Laudato Si quote:
34. It may well disturb us to learn of the extinction of mammals or birds, since they are more visible. But the good functioning of ecosystems also requires fungi, algae, worms, insects, reptiles and an innumerable variety of microorganisms. Some less numerous species, although generally unseen, nonetheless play a critical role in maintaining the equilibrium of a particular place. Human beings must intervene when a geosystem reaches a critical state. But nowadays, such intervention in nature has become more and more frequent. As a consequence, serious problems arise, leading to further interventions; human activity becomes ubiquitous, with all the risks which this entails. Often a vicious cycle results, as human intervention to resolve a problem further aggravates the situation. For example, many birds and insects which disappear due to synthetic agrotoxins are helpful for agriculture: their disappearance will have to be compensated for by yet other techniques which may well prove harmful. We must be grateful for the praiseworthy efforts being made by scientists and engineers dedicated to finding solutions to man-made problems. But a sober look at our world shows that the degree of human intervention, often in the service of business interests and consumerism, is actually making our earth less rich and beautiful, ever more limited and grey, even as technological advances and consumer goods continue to abound limitlessly. We seem to think that we can substitute an irreplaceable and irretrievable beauty with something which we have created ourselves.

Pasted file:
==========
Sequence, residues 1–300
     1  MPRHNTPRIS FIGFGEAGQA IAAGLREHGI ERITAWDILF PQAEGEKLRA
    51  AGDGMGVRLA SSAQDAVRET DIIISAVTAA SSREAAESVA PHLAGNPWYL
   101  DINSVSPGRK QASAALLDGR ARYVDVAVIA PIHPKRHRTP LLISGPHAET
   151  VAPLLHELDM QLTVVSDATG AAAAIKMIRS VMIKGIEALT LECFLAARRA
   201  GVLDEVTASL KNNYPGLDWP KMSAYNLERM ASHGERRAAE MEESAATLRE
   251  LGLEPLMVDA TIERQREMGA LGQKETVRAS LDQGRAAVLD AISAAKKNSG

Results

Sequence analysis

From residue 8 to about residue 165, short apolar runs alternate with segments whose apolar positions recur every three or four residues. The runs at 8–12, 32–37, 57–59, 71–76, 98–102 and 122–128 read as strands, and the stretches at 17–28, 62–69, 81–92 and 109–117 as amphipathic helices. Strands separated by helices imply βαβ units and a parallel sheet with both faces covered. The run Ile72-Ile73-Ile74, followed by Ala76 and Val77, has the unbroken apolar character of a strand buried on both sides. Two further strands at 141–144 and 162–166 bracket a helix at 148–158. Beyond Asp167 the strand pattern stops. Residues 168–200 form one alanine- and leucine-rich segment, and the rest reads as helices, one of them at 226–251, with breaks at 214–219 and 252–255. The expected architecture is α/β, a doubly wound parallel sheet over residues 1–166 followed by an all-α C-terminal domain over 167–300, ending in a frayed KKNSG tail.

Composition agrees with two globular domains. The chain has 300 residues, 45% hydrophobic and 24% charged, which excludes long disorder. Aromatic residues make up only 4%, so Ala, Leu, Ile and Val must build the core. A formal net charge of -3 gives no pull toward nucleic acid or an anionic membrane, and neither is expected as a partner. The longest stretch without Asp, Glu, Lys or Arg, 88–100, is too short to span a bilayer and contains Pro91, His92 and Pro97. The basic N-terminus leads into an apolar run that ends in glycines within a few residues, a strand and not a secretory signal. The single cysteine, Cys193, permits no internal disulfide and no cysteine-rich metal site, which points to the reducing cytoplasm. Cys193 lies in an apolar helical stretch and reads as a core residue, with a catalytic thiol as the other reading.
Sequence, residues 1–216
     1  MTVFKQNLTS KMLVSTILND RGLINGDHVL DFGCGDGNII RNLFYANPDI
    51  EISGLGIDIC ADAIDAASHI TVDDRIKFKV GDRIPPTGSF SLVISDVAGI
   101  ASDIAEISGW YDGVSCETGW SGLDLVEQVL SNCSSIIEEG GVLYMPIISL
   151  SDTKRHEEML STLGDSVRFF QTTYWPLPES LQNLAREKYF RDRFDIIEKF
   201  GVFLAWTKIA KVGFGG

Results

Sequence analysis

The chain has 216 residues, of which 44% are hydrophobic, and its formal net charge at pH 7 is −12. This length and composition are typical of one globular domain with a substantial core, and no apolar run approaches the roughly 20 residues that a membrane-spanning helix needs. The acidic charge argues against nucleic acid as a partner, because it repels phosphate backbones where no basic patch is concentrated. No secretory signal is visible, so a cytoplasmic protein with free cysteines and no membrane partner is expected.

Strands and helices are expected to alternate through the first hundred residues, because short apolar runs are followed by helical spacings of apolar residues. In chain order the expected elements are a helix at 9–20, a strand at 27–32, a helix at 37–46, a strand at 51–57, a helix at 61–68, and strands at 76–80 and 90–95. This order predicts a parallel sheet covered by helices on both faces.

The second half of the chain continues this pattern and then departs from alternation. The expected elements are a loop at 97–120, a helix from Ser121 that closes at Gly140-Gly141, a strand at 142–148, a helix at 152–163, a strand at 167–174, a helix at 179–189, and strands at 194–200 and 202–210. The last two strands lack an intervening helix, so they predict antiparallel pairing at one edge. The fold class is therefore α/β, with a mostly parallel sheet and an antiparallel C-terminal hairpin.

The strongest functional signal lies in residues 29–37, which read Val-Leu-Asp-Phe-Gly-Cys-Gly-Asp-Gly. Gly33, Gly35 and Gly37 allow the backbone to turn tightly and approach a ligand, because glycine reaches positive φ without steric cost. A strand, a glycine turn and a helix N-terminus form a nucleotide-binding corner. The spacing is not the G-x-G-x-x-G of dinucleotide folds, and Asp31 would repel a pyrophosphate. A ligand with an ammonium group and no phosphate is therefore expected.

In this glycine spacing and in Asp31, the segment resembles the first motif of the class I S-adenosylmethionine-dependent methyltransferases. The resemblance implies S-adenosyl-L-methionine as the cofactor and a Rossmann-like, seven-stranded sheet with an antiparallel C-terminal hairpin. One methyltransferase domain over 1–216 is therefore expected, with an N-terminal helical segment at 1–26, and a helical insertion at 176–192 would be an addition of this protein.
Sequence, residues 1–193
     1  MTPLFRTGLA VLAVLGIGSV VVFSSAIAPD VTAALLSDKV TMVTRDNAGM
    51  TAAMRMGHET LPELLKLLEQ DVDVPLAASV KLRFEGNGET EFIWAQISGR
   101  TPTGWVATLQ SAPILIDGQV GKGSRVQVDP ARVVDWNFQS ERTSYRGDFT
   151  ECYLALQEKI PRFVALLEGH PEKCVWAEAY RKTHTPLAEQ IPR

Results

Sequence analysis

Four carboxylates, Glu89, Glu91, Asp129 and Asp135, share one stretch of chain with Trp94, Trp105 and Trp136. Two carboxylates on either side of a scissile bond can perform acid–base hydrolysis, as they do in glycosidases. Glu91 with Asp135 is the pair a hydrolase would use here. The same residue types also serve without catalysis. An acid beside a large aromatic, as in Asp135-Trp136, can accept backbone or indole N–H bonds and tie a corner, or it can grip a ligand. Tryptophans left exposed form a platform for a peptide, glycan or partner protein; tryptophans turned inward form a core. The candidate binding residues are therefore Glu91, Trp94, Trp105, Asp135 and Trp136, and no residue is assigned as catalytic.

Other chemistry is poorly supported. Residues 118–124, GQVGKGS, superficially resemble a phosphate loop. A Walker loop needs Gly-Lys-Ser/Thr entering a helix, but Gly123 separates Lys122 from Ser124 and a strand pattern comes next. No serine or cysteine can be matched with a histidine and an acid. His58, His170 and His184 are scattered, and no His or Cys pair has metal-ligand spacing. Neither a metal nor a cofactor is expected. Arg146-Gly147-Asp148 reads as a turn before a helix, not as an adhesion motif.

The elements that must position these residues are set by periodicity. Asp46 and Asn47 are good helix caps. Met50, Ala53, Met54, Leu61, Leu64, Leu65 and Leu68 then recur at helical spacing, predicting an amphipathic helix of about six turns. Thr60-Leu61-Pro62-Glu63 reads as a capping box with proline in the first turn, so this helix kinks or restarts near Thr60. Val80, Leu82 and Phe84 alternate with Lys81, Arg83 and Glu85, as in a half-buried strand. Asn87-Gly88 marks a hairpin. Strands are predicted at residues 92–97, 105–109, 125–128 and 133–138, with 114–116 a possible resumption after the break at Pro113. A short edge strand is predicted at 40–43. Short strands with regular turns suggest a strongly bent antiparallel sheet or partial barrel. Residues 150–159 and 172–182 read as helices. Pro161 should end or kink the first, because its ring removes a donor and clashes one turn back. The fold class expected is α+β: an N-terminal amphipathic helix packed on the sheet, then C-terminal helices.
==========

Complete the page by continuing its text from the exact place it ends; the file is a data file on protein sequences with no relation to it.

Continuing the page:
- How might I become more aware of all the connections between the created order and my activity?
- How might even the creatures that annoy me (mosquitoes, flies, just for example) be reimagined so that my actions toward them are more aligned with the created order?
Laudato Si Congregation:
The Addressing Climate Committee recommends this three-minute ecological conversion story video by Sr. Mary Heather MacKinnon.
A wonderful opportunity for an online retreat “Transforming Spirituality in a Time of Plague” which reflects on the work of Constance FitzGerald OCD, through the Carmelite Monastery of Baltimore, November 13-14. For more information and registration information, click here.
Justice for Immigrants
Consider this ten-minute retreat from Catholic Relief Services this week which reflects on the lives of 80 million people who have been displaced worldwide. Click here.
End Human Trafficking
The U.S. Department of Labor reports millions of children in Africa work under hazardous conditions growing cocoa, the main ingredient in chocolate. These dangers include exposure to pesticides, lifting heavy loads, using sharp tools, and working in burning fields. And out of the billions of dollars chocolate producers make each year, farmers only see 6.6% of the profits—totaling to about $1 per day. Looking for ways to improve your Halloween candy offerings that align with fair trade?
Here are some great suggestions! - https://atlanticmidwest.org/posts/fair-trade-halloween-candy
Some other brands to look for: Alter Ego Truffles (for you Ferrero Rocher fans) · Theo Foods — a variety of naturally flavored chocolate bars, including raspberry, ginger, and orange ·Equal Exchange — grown by small farmer co-ops · Divine Chocolate — From bars to after dinner mints, this is just awesome chocolate!